Memo to tax cheats out there: Don’t try to claim an electric car tax credit when you buy a Dodge Durango.
From the Associated Press:
A Treasury Department inspector general report says nearly 13,000 taxpayers erroneously claimed about $33 million in credits for plug-in electric and alternative vehicles during the first six months of 2010. The inspector general says about 20 percent of the $163.9 million in credits provided to taxpayers were claimed in error.
It gets worse:
But Treasury Department review found problems with thousands of taxpayers claiming the credits for cars that failed to qualify. For example, some car owners tried to claim the $7,500 credit for their Hummer H3, Dodge Durango or Cadillac Escalade. Someone claimed it for a golf cart.
The report said some IRS employees erroneously claimed the credits. They were referred to the department's Office of Investigations for further review.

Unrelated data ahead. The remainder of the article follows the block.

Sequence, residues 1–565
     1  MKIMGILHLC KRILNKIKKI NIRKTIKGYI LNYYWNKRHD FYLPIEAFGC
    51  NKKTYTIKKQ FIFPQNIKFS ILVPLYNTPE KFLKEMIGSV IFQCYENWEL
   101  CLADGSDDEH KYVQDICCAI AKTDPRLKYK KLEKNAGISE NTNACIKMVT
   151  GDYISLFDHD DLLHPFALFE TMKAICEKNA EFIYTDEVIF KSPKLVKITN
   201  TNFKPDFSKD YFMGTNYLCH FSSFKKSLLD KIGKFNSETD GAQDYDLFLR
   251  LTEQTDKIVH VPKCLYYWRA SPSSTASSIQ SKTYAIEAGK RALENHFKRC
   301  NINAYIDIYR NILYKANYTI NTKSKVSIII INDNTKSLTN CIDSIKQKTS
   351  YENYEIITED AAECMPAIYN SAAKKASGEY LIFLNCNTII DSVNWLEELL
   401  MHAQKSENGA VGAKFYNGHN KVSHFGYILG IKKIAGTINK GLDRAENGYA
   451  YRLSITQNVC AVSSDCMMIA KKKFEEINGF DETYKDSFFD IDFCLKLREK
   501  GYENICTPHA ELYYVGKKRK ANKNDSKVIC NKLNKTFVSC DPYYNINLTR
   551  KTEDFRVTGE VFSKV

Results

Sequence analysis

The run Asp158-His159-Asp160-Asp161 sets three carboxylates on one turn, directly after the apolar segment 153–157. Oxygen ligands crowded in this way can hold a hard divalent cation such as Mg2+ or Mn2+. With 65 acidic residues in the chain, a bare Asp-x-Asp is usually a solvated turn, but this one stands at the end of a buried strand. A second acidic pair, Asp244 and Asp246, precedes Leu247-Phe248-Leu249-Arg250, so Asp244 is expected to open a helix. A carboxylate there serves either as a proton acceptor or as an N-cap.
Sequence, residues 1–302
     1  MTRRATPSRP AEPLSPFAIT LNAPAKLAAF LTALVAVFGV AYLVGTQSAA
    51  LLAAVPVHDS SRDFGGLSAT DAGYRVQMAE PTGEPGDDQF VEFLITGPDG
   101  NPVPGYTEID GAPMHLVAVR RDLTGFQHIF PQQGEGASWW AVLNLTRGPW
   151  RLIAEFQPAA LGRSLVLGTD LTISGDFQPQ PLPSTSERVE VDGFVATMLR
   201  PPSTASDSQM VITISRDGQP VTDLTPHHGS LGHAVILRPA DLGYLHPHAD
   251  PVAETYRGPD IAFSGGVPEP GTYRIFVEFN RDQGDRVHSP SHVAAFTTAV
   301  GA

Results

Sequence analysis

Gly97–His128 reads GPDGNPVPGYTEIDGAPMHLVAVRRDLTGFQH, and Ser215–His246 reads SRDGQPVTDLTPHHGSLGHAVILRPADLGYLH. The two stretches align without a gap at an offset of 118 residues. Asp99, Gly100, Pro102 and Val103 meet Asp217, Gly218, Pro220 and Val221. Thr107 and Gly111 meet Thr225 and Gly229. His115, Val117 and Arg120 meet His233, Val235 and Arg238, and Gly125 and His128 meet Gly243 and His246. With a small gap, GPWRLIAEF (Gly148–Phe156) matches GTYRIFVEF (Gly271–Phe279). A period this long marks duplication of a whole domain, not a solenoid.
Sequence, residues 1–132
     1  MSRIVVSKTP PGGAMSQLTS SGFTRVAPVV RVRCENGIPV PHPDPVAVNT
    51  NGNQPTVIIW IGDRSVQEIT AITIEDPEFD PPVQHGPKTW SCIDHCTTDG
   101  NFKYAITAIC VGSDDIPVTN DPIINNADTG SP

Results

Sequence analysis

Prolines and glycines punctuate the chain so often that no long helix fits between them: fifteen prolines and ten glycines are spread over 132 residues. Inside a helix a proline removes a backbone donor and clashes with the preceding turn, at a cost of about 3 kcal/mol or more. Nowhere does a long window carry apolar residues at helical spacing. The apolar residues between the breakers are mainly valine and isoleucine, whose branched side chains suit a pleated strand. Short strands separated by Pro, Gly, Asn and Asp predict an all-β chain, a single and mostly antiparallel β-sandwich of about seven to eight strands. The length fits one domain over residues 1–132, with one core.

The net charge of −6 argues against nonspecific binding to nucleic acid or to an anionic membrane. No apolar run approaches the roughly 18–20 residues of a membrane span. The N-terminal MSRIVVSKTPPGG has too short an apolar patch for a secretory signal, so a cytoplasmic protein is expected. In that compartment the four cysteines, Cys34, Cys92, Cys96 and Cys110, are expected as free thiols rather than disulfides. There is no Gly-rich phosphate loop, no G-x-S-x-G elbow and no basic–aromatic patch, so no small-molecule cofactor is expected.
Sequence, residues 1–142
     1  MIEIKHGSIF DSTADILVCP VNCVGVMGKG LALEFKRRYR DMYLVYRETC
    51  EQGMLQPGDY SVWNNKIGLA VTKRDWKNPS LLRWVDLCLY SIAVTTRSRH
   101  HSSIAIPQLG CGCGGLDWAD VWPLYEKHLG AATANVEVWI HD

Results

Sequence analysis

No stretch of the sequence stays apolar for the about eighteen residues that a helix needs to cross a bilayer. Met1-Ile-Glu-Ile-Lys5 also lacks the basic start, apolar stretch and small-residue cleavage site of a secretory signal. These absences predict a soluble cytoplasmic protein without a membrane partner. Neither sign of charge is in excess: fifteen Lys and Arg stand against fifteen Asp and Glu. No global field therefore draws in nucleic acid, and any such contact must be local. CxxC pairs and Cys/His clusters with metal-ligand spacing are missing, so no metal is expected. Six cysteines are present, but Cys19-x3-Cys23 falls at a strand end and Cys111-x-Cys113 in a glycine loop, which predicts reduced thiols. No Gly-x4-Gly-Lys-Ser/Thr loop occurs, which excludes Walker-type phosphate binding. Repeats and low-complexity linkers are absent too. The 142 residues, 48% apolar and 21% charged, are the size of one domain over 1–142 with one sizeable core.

Even prisoners tried to take advantage. The inspector general found that 29 prisoners received $49,926 in vehicle credits even though they were incarcerated throughout 2009.
This story underscores the problem with trying to promote preferred market outcomes through tax credits: Any number of morons can erroneously claim the credit, shorting the taxpayers millions of dollars and forcing the Internal Revenue Service to chase them down.
While I think encouraging the ownership of electric cars is an admirable goal, there has to be some better way.
Any ideas? Why not just a subsidy direct to the automaker for each electric car sold, allowing them to just go ahead and lower the sticker price by that amount?